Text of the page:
The converged structure for the 3/3/3 sample is shown in Fig. 4a. Out-of-phase (aac in the Glazer notation)26 octahedral rotations are observed along the three crystallographic directions for the LSMO and LSCO layers. The in-plane B-O-B (B = Ti,Cr,Mn) bond angles for each layer is shown in Fig. 4b. The bond-angle decreases from 180° in the bulk STO layers to ~ 162° in the LSCO layers adjacent to the STO substrate. Within the LSMO layers, the average Mn-O-Mn bond angle is 166° in agreement with bulk LSMO. The reduced bond angles in the surface LSCO layers are attributed to a surface relaxation discussed below.

In addition to the octahedral rotations, cation–anion displacements are observed within the BO2 planes. The layer-resolved displacements, Δ, for the 3/3/3 sample are shown in Fig. 4c. Negative values of Δ indicate oxygen displacements toward the STO substrate relative to the cations z positions. For bulk LSCO and LSMO, Δ = 0. However, Δ increases to an amplitude of 0.15 Å at top LSCO surface, whereas the displacements in the LSMO layers are found to be suppressed.

To confirm that the suppressed distortions in the LSMO layers encapsulated with LSCO are related to the absence of polar discontinuities at the LSMO interfaces, we compare the layer-resolved lattice cation–anion displacements along the growth direction for a 4 uc LSMO film and a 3/4/3 heterostructure grown on (001) oriented SrTiO3 are shown in Fig. 5a and Fig. 5b, respectively. The measured crystal truncation rods and half-order Bragg peaks for the 3/4/3 sample are shown in Figure S5 and S6 respectively, of the Supplementary Materials. At the surface of the 4 uc LSMO film and the LSCO cap layer of the 3/4/3 sample, the O anions are displaced toward the substrate relative to the cations. The ionic rumpling decays 3 uc below the film surface in agreement with previous results for a 10 uc LSMO film14 and uncapped LaNiO3 films.20. Although polar distortions are observed in the 4 uc LSMO film, the distortions are suppressed in the encapsulated LSMO layers in the 3/3/3 and 3/4/3 samples.

The ionic displacements at the uncapped LSMO film surface are related to a surface electric field which arises owing to the polar MnO2—terminated surface with a net −0.7e charge. The decay length for the surface distortions are found to be on the order of 3 uc (~ 12 Å), which is consistent with the enhanced screening length observed for the rare-earth nickelates20 and theoretical predictions for the manganites.15,16 For the uncapped LSMO film, the surface ionic rumpling leads to an elongation in the Mn-O bond-length, which is correlated with reduced double-exchange interactions and a suppression of ferromagnetic ordering in the uncapped LSMO film.14,16,27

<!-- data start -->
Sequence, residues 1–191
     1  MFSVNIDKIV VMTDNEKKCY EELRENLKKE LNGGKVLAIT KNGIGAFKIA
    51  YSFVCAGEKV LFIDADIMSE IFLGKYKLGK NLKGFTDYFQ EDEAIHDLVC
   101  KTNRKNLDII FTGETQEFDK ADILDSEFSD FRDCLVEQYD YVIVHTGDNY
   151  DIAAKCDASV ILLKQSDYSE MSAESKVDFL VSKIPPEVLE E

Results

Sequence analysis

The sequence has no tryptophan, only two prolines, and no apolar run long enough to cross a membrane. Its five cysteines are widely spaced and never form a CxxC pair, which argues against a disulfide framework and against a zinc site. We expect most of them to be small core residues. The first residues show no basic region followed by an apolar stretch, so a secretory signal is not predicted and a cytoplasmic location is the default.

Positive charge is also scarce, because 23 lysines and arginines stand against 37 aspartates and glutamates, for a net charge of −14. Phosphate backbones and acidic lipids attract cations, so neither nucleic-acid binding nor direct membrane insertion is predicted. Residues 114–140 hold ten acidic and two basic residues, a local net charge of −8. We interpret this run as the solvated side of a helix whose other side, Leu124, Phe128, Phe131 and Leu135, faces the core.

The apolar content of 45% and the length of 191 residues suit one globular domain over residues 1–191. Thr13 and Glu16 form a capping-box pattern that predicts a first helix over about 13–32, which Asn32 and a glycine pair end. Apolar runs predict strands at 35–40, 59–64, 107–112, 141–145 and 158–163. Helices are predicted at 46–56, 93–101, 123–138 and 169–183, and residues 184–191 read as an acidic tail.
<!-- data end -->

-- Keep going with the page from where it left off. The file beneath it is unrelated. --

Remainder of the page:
On the other hand, the polar distortions are suppressed in the LSMO layers encapsulated with LSCO spacers, leading to ferromagnetism in the LSCO/LSMO heterostructures. The measured layer-resolved polar displacements for the 3/4/3 heterostructure shown in Fig. 5b show that the polar distortions are confined to the top LSCO layer. The absence of polar distortions at the LSCO/STO substrate interface may be related to a reduction in the interface polar discontinuity driven by chemical intermixing observed in Fig. 1e. Although the surface distortions may arise due to incomplete surface layers and atomic vacancies, the direction of the distortions point to the surface field as a significant driver for the observed distortions.14,20,28

The structural measurements and XMCD results confirm that the insertion of LSCO spacer layers leads to bulk-like Mn-O bonding and stoichiometric LSMO layers, which are correlated with the stabilization of ferromagnetization in the encapsulated LSMO layers. The elimination of magnetic dead layers in the LSCO/LSMO/LSCO heterostructures is in contrast to the analogous nominally valence-matched La0.6Sr0.4FeO3(LSFO)/La0.6Sr0.4MnO3 interface where dead layers still exist.29 At the LSFO/LSMO interface, an inherent charge transfer between Fe and Mn occurs, which hole dopes the LSMO layers leading to AF interfacial LSMO layers.29 This transfer, is reduced at the LSCO/LSMO interface, as evidenced by the ferromagnetic ground state of the 3/N/3 heterostructures.